'Month of bugs' pins bull's-eye on Google, Yahoo
Search engines are the focus of a bugfest that begins June 1
Computerworld - Yet another month-long round of daily bugs cranks up June 1, a Ukrainian researcher announced yesterday. This time, the target will be search engines such as Google, Yahoo, MSN and Ask.com.
Tagged with the copycat "Month of Search Engines Bugs" moniker, this latest bug-a-day campaign follows Month of Browser Bugs (July 2006), Month of Apple Bugs (January 2007), the turned-out-to-be-bogus Month of MySpace Bugs (April 2007) and May's Month of ActiveX Bugs.
"Purpose of this Month of Bugs is a demonstration of [the] real state with security in search engines, which are the most popular sites in Internet," the researcher identified only as "MustLive" explained. "To let users of search engines and [the] Web community as a whole to understand all risks, which search engines bring to them. And also to draw attention of search engines' owners to security issues of their sites." The entry was in both English and Russian.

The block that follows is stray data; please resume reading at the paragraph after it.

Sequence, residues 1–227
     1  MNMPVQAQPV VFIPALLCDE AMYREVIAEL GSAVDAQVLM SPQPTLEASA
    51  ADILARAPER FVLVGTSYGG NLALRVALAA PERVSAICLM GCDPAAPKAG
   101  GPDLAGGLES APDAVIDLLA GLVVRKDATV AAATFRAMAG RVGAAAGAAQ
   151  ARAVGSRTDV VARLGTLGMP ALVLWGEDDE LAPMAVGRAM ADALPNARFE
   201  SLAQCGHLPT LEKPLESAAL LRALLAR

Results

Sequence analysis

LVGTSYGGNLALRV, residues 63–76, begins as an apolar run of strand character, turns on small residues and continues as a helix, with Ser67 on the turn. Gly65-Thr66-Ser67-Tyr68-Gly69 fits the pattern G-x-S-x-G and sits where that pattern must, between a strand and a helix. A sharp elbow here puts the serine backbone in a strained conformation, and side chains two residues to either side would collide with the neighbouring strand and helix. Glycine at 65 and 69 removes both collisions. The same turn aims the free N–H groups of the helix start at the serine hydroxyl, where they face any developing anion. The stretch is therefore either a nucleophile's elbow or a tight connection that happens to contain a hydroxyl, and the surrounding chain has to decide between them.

MustLive promised cross-site scripting vulnerabilities would be the month's focus, and multiple search sites' flaws would be disclosed. Every day we'll publish vulnerabilities in different engines, said MustLive. Or, as it was originally posted online: "Everyday will be publish vulnerabilities in different engines."
Although some security analysts have blasted "Month of..." projects as publicity stunts, several of the campaigns -- notably January's Apple bugs rodeo -- have resulted in updated software. According to McAfee Inc.'s Kevin Beets, several of the "Month of..." runs have produced patches. More than two-thirds of the 31 Apple flaws made public, for instance, were fixed. "It does appear that vendors are taking notice of this format," Beets said on McAfee's Avert Labs blog. "Whether you love 'em or hate 'em, it looks like the 'Month-of' projects are having an impact on the vulnerability landscape."
The Month of Search Engines Bugs will kick off at this URL.
Read more about Security in Computerworld's Security Topic Center.
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